ISSN (Print) - 0012-9976 | ISSN (Online) - 2349-8846

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India's Macroeconomy

Post-Keynesian Insights

Market, Regulations and Finance: Global Meltdown and the Indian Economy edited by Ratan Khasnabis and Indrani Chakraborty; New Delhi and New York: Springer India, India Studies in Business and Economics, 2014; pp 266, price not indicated.

This is a book of articles on finance and the macroeconomy of India after the global financial crisis, written by those who have a perspective that the editors broadly describe as having a commonality with post-Keynesians. To me the essence of this approach is to stress that in a monetary production economy, the level of economic activity is set by the level of effective demand and that this is usually not consistent with full employment. The capitalist system based on free market principles is, in this view, inherently cyclical and unstable.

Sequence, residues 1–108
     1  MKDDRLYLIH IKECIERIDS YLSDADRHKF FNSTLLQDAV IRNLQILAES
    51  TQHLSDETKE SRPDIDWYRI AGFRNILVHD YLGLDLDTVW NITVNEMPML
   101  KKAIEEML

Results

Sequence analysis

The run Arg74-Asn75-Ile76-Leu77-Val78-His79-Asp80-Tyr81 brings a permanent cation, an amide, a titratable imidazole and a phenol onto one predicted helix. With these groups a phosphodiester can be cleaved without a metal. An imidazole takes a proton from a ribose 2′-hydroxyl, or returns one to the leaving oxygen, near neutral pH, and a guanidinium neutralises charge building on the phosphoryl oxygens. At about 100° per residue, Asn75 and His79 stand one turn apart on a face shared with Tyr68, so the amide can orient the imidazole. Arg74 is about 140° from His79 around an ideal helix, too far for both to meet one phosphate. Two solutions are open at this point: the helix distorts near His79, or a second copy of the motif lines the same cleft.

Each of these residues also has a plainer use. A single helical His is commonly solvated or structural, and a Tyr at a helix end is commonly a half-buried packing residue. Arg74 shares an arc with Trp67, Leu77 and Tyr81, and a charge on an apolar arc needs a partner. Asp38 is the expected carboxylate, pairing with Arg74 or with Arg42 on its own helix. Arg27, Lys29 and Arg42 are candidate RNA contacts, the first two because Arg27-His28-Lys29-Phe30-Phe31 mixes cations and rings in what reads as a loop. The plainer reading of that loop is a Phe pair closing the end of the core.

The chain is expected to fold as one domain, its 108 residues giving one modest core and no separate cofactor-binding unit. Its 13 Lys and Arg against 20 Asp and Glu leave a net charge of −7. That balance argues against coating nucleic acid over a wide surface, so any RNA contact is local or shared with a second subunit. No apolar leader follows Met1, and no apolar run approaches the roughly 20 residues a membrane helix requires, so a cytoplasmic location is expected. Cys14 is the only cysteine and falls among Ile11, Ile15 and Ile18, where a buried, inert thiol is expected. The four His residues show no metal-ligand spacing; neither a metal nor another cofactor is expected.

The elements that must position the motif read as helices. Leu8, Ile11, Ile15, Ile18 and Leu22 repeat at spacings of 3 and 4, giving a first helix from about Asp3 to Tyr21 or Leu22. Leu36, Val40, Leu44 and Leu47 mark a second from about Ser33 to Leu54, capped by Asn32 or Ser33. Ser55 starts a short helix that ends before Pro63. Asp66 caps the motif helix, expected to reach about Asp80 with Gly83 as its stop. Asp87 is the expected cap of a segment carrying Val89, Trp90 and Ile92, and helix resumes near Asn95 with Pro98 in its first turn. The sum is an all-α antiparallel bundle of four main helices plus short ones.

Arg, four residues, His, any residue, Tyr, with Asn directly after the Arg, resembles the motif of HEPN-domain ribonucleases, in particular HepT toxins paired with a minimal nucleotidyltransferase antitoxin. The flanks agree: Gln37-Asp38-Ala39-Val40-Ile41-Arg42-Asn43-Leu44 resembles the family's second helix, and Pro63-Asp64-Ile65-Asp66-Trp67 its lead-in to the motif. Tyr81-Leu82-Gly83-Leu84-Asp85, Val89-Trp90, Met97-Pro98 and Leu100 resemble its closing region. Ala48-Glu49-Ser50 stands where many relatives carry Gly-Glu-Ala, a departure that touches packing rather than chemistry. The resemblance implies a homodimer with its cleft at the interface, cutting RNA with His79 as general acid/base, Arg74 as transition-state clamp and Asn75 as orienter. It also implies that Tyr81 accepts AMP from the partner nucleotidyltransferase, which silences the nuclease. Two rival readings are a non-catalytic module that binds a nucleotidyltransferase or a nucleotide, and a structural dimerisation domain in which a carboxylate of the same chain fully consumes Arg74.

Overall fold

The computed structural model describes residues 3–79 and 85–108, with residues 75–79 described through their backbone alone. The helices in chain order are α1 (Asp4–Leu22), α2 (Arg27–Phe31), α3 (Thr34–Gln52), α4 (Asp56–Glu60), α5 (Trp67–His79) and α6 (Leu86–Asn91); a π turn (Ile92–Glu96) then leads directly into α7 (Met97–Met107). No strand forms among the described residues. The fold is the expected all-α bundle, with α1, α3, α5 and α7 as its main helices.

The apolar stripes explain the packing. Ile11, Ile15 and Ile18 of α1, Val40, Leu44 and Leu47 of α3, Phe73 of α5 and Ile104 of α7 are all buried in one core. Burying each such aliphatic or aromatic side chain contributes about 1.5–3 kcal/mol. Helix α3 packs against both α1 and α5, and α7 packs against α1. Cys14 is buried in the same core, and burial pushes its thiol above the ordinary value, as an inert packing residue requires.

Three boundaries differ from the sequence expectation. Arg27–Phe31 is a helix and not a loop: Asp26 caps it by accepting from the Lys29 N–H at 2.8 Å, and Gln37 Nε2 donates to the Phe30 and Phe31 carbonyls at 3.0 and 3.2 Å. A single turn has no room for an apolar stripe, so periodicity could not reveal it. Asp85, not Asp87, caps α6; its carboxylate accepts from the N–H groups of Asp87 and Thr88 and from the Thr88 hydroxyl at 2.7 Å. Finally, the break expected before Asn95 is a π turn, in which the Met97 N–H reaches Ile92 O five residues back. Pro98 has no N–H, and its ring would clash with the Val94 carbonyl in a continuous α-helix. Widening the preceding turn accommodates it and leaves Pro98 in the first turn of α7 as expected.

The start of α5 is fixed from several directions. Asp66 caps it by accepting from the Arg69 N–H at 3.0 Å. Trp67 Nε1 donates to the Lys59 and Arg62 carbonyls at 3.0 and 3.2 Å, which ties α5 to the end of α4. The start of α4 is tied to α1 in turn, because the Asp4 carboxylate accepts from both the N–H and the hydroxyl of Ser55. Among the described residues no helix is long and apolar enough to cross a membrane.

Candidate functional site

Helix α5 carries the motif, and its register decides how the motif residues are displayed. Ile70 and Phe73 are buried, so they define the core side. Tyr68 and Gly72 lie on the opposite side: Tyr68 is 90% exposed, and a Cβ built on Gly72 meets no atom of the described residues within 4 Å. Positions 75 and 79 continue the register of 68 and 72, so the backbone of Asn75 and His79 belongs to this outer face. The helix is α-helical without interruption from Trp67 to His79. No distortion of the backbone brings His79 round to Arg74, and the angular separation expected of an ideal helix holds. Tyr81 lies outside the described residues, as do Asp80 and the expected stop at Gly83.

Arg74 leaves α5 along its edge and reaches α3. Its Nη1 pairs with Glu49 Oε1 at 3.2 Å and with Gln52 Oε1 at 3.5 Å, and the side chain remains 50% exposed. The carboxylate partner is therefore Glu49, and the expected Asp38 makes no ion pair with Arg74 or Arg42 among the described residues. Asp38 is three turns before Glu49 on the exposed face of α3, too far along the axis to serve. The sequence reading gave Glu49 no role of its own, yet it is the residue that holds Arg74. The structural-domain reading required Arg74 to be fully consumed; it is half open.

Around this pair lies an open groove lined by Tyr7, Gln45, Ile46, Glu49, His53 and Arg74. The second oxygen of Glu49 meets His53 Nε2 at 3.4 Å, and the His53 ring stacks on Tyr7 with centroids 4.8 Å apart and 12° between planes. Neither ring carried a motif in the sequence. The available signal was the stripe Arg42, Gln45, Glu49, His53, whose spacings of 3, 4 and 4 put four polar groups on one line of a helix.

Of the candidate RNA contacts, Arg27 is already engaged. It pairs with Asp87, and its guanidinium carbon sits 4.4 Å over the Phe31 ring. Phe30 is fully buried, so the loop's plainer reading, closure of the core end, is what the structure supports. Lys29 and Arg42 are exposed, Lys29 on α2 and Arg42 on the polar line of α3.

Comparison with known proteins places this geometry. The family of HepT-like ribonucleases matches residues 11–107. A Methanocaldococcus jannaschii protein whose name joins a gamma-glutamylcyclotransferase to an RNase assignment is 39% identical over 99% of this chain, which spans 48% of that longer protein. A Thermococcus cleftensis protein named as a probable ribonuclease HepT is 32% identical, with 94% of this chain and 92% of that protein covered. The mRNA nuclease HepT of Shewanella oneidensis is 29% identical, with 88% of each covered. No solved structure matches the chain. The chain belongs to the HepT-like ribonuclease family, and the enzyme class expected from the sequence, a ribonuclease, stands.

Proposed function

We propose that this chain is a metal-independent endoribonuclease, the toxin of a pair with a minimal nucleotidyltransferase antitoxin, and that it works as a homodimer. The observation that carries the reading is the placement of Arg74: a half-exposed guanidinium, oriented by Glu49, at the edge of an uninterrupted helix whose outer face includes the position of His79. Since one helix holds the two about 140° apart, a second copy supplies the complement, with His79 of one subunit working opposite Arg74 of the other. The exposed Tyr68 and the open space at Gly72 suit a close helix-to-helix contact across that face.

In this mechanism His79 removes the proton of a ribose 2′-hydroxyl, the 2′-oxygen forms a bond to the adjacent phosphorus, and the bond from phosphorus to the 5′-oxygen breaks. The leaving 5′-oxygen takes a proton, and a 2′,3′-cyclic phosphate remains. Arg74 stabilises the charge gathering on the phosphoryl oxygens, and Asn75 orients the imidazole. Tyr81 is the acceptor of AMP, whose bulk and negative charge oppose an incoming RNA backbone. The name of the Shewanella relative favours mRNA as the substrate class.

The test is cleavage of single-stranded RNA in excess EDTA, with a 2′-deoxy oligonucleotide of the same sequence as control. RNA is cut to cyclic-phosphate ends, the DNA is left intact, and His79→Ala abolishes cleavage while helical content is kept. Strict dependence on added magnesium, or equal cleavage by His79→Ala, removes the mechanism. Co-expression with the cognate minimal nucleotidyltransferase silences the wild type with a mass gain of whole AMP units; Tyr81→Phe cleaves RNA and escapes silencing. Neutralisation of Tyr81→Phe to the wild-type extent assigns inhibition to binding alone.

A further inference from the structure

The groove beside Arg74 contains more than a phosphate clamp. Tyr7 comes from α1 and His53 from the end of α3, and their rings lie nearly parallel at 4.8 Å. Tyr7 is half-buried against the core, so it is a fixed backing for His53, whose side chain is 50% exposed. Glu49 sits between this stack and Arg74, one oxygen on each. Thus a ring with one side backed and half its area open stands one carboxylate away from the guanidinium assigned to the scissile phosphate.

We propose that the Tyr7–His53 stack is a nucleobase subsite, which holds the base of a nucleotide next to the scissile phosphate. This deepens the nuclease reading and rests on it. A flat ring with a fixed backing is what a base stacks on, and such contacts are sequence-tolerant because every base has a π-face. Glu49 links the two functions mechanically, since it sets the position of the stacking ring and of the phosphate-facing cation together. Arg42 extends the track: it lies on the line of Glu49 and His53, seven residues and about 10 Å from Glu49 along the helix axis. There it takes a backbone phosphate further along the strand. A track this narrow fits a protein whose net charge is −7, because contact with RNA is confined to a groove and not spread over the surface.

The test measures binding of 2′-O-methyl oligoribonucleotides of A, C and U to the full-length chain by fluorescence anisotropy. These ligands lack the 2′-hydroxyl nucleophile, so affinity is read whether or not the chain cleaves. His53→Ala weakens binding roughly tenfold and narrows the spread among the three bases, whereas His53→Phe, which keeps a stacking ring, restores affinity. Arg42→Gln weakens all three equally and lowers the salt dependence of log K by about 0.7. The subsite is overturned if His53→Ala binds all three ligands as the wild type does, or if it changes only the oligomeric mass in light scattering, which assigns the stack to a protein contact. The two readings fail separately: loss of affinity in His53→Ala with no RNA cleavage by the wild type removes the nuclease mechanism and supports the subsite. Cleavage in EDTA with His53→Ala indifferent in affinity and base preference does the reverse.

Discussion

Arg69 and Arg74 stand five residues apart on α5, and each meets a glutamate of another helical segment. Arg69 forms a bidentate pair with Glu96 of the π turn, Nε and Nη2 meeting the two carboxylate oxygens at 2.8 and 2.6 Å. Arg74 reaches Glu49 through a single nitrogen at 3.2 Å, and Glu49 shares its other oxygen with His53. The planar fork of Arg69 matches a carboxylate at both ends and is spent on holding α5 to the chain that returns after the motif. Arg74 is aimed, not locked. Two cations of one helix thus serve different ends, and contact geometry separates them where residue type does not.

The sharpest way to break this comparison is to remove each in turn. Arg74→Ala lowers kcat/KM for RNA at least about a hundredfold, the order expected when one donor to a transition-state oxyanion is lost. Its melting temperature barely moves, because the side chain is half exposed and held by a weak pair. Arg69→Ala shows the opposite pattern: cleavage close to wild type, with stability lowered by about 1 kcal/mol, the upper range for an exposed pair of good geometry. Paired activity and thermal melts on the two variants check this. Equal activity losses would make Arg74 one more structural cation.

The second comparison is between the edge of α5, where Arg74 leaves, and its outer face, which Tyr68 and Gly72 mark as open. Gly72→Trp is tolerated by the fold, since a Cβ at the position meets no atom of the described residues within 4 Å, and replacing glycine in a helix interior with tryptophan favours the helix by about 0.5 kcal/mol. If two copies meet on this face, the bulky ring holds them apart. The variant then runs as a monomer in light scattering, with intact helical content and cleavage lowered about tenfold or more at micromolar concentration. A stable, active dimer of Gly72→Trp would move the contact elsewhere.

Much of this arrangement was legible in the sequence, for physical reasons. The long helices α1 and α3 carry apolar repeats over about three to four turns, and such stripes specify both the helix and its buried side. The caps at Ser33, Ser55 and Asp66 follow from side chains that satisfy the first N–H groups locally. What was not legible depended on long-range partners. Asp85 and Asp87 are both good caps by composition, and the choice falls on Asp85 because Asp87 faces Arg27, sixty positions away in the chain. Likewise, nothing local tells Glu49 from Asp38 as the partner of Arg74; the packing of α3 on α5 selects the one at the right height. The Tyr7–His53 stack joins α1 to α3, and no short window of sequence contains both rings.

Indeed, the first article in the book on an Indian perspective on monetary policy by Dilip Nachane argues that since financial markets in India are far from efficient, an excessive reliance on market discipline of financial institutions, emphasised as one of the three pillars by Basel II, is of limited value. This well-argued chapter makes a case for deposit insurance premia that are risk-based rather than flat-rate, and the introduction of mandatory subordinated debt in bank capital requirements so as to restrain risk-taking by banks. There is also a case made out for monetary policy targeting asset prices, as a central bank should not be a bystander whilst an asset boom is in progress and a Good Samaritan once the boom goes bust. Whilst stated starkly, in operational terms this leads to conflicts between the objectives of monetary policy.

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